Fish House Shrimp GritsFor our main entree, we went with the Fish House’s “signature” dish, something they call “World Famous Grits a Ya Ya.” This dish was perfection. Creamy smoked Gouda cheese grits topped by a sauce made from creamed spinach, bacon, garlic and shallots; topped further by some excellent grilled jumbo shrimp — it was just perfection. The grits were thick and creamy, redolent with cheese flavor; the sauce was flavorful without overpowering; the shrimp were among the best we’ve had — plump, juicy, and with a seasoned flavor that was simply fantastic. By the end of this dish, we had forgiven the oyster mishap (after all, the oysters weren’t exactly on the menu) and decided that The Fish House was pretty great in our book. As a side note, this shrimp and grits dish was considered a single portion, but we easily split it between two people and left stuffed (the Soul Rolls certainly helped). The Fish House is located at 600 S Barracks St. in Pensacola, and they’re open for lunch and dinner. Happy eating!

The Fish House on Urbanspoon

Spending some time in The Dog House

Dog House ChiliWe may go in for our share of fancy food, but there’s lots of times when only the simple things will do. Amidst running around the white sand beaches of Florida’s Emerald Coast, drinking more than we probably should, and relaxing poolside at our condo, we had to make time for that most important of meals: lunch. And not wanting to break the bank (or drive), we discovered a small deli within walking distance of the Beach Club that specialized in hot dogs called The Dog House Deli. Jess and I both love a good hot dog, whether we’re making them for ourselves or getting them from our favorite local hot dog cart, so we had to give it a try…and then another try. Our final verdict? The Dog House is fantastic cheap beach eats.

My first experience with the place was a Chicago-style dog made with onions, sweet relish, tomatoes, pickles, peppers, and celery salt — a very tasty combination. I’m sure that Chicago natives could nitpick this version of their local delicacy to death, but it tasted pretty good to this Arkansas boy.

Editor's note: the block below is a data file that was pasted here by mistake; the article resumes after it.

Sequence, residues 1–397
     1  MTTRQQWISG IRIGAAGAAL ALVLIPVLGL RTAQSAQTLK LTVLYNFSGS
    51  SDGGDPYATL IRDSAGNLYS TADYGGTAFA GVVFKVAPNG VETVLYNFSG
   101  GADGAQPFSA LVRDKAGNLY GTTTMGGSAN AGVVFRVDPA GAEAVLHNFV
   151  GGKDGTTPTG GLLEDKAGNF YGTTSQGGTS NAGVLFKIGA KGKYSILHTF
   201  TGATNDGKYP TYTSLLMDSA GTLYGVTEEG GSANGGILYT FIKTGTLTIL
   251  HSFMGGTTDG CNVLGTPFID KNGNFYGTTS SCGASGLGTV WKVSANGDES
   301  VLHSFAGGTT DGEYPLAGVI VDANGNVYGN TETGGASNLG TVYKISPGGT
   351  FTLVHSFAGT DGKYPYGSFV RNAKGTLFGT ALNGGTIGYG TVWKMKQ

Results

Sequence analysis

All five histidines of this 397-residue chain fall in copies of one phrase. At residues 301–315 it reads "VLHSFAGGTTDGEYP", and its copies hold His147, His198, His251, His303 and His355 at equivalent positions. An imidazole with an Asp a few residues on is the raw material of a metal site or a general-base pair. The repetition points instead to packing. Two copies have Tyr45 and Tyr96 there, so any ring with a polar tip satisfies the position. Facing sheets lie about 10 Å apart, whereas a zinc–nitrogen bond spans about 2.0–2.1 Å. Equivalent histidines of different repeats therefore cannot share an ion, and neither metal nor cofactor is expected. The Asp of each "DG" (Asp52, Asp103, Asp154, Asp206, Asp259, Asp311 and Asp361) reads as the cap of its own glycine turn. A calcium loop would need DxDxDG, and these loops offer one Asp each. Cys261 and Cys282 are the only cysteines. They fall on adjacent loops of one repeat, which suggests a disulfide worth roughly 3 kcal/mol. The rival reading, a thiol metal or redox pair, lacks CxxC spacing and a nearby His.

Even better than the Chicago-style was the chili, cheese, and onion monster you see in the picture above. That’s an 8-inch dog on a soft bun, covered in savory chili, yellow mustard, and just the right amount of chopped onion. Sure, the chili dog isn’t the most inventive way to eat a hot dog, but this version of the classic was one to remember.

photo(43)The best thing I ate a The Dog House, though, wasn’t a hot dog at all — it was a big slab of Polish kielbasa. The sausage was part of the New Orleans-style plate which saw the kielbasa covered in sauerkraut and then doused with thick, rich red beans. Should red beans and rice where the rice is replaced by sausage and kraut on a bun work? Probably not. Did it work? Oh, most definitely. The sausage was spicy, with a nice snappiness to the casing, and the beans were as good as any I’ve had. The kraut added a nice, bright tang to the plate, and the bun was substantial enough to hold everything up, although a fork and knife were necessary to maneuver around this plate of goodness. I paired the beans and sausage plate with a Pensacola Bay Brewery Riptide Amber, which reminded me favorably of a Diamond Bear English Pale. All in all, a top notch lunch for not a lot of money.

The Dog House Deli is located at 35 Via de Luna Drive in Pensacola Beach. It’s not very big, but it will quickly become your go-to place for lunch if you’re in the area.

Dog House Deli on Urbanspoon

Sun, sand, and seafood: the Arkansas Foodies take on the Redneck Riviera

BeachA couple of years ago, Jess and I stayed in Navarre, Florida for a few days with her parents. It was a great trip, and one that we’ve talked about quite a bit since. One of our favorite memories from the Navarre trip was the day we went to Pensacola Beach — we all fell in love with the white sand beaches, restaurants, and the gloomy old ruin of Ft. Pickens. Jess’s mom in particular loves the beach, and I’m a huge fan of preparing and eating seafood, so when it came time to plan another trip to Florida, we were all pretty set on staying on the island and putting those emerald waters right at our back door. We stayed at Beach Club resort and spa, a well-equipped apartment with ample cookware, great appliances, and a balcony that featured a grill. Between runs to the beach, sitting by the pool, and hanging out in the hot tub, we managed to find time to explore the area, go to some good restaurants, and cook some meals for ourselves.

Andrew ShrimpWe stayed this time with Jess’s mom and dad again, but this time her cousin Kevin, brother Andrew, and sister-in-law Ashley were along for the trip — and since we’re fans of saying “the more the merrier,” this was a merry group indeed. We split four of our nights into alternating days of cooking and restaurants, with Jess and I taking one cooking night while Andrew and Ashley took the second — and it was fun to see how other people work in the kitchen. Andrew made up the excellent marinated shrimp skewers seen to the right, and baked some fresh seasoned tilapia to make for a huge spread of “build your own” fish tacos. Everything was so fresh and tasty — it was one of those meals that make you hate getting full because you want to keep eating. Big thanks to our Colorado Millers for bringing it with the seafood: we loved every single bite.